A Universal Islanding Detection Technique for Distributed Generation Using Pattern Recognition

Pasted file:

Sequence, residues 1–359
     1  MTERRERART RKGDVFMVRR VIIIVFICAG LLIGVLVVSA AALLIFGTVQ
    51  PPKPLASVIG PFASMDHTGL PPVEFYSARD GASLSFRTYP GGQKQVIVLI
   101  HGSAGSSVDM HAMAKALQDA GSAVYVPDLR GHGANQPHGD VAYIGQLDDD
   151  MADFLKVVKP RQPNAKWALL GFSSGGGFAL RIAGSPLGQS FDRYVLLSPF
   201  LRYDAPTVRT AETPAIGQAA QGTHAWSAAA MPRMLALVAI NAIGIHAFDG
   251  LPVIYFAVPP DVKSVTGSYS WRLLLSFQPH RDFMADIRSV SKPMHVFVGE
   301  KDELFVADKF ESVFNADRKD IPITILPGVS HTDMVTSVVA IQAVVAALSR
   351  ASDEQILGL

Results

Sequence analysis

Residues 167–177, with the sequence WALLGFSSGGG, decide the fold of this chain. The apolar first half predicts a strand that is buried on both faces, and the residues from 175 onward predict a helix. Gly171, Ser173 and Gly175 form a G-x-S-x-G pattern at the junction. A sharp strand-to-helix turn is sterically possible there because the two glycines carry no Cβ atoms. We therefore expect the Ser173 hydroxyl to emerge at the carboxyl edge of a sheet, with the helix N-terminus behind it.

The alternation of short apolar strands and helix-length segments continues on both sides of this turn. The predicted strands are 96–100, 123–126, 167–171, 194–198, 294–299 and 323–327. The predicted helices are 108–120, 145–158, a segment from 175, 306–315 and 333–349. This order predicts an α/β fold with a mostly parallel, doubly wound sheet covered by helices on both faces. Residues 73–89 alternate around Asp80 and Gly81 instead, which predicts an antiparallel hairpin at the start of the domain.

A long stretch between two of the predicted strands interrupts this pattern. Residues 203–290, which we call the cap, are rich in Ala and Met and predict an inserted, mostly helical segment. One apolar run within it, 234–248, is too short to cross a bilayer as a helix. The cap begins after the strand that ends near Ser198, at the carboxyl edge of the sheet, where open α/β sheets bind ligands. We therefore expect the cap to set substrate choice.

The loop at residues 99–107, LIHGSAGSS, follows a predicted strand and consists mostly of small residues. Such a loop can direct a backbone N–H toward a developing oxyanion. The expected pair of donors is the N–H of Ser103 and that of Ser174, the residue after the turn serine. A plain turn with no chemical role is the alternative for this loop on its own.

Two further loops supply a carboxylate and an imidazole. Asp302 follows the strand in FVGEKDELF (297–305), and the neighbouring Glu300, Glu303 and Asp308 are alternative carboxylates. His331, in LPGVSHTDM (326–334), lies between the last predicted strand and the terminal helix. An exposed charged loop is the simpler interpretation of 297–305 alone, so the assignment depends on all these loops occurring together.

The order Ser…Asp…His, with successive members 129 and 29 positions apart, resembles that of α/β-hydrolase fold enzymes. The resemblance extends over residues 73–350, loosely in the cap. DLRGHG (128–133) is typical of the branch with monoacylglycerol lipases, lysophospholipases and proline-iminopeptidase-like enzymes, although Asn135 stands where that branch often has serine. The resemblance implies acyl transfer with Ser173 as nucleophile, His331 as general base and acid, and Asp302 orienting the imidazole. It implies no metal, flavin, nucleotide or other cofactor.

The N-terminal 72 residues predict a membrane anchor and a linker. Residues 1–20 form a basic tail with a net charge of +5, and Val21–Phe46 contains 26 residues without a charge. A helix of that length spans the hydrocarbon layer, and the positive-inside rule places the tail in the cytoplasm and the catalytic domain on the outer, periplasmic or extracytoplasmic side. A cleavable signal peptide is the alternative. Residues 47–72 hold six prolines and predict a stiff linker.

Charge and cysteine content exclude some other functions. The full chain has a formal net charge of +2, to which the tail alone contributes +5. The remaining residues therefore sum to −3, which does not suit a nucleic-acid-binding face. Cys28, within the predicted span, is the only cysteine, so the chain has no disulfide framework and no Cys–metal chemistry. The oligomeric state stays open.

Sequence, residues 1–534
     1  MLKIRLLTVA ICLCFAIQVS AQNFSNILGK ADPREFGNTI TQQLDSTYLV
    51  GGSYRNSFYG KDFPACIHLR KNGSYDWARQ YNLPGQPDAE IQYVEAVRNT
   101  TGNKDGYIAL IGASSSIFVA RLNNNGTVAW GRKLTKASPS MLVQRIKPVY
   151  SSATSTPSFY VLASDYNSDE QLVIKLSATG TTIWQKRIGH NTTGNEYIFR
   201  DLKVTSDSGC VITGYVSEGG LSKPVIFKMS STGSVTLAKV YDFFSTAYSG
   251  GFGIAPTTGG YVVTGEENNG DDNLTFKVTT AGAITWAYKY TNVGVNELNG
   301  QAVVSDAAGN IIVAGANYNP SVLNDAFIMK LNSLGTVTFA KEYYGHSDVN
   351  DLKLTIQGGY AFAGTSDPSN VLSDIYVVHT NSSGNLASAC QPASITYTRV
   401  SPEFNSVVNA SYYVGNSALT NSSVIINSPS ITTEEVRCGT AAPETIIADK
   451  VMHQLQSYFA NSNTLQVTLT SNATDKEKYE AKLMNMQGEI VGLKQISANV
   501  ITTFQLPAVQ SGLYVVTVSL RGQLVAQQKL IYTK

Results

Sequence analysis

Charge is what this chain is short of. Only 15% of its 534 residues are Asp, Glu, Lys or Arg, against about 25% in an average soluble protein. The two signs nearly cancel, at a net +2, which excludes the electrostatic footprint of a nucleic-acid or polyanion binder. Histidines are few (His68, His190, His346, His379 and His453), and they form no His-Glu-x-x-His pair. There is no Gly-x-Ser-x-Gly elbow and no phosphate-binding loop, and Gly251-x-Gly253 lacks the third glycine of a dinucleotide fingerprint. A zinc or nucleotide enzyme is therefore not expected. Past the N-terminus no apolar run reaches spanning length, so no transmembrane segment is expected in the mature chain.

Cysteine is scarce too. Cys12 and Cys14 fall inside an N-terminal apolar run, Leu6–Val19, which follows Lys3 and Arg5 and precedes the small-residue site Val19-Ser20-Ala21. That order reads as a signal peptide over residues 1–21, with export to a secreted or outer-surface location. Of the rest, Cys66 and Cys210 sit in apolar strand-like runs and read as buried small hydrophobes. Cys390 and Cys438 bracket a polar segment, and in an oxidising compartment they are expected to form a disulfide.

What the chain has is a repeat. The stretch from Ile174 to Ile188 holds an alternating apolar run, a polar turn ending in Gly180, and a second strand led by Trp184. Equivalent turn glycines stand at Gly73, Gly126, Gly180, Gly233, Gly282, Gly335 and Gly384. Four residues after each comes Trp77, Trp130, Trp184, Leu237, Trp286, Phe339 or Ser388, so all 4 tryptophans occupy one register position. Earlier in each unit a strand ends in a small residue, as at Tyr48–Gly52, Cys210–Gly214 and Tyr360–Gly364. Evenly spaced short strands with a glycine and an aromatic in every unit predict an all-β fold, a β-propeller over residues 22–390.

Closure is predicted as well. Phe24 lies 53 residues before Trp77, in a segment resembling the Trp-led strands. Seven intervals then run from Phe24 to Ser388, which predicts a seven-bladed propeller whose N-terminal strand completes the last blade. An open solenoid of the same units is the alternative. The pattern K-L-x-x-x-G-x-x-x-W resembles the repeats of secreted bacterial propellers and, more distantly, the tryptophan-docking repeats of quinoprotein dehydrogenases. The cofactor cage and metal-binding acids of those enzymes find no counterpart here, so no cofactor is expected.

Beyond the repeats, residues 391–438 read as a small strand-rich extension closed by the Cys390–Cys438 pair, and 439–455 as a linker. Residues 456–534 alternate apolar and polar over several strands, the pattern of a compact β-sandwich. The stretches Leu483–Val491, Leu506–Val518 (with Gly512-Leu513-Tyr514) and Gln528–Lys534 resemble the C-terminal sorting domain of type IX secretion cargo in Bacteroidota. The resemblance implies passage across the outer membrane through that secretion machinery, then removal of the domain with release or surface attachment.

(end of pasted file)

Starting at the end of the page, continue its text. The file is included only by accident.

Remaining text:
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In the past, distribution systems were characterized by a unidirectional power flow where power flows from the main power generation units to consumers. However, with changes in power system regulation and increasing incentives for integrating renewable energy sources, Distributed Generation (DG) has become an important component of modern distribution systems. However, when a portion of the system is energized by one or more DG and is disconnected from the grid, this portion becomes islanded and might cause several operational and safety issues. Therefore, an accurate and fast islanding detection technique is needed to avoid these issues as per IEEE Standard 1547-2003 . Islanding detection techniques are dependent on the type of the DG connected to the system and can achieve accurate results when only one type of DG is used in the system. Thus, a major challenge is to design a universal islanding technique to detect islanding accurately and in a timely manner for different DG types and multiple DG units in the system. This thesis introduces an efficient universal islanding detection method that can be applied to both Inverter-based DG and Synchronous-based DG. The proposed method relies on extracting a group of features from measurements of the voltage and frequency at the Point of Common Coupling (PCC) of the targeted island. The Random Forest (RF) classification technique is used to distinguish between islanding and non-islanding situations with the goals of achieving a zero Non-Detection Zone (NDZ), which is a region where islanding detection techniques fail to detect islanding, as well as avoiding nuisance DG tripping during non-islanding conditions. The accuracy of the proposed technique is evaluated using a cross-validation technique. The methodology of the proposed islanding detection technique is shown to have a zero NDZ, 98% accuracy, and fast response when applied to both types of DGs. Finally, four other classifiers are compared with the Random Forest classifier, and the RF technique proved to be the most efficient approach for islanding detection.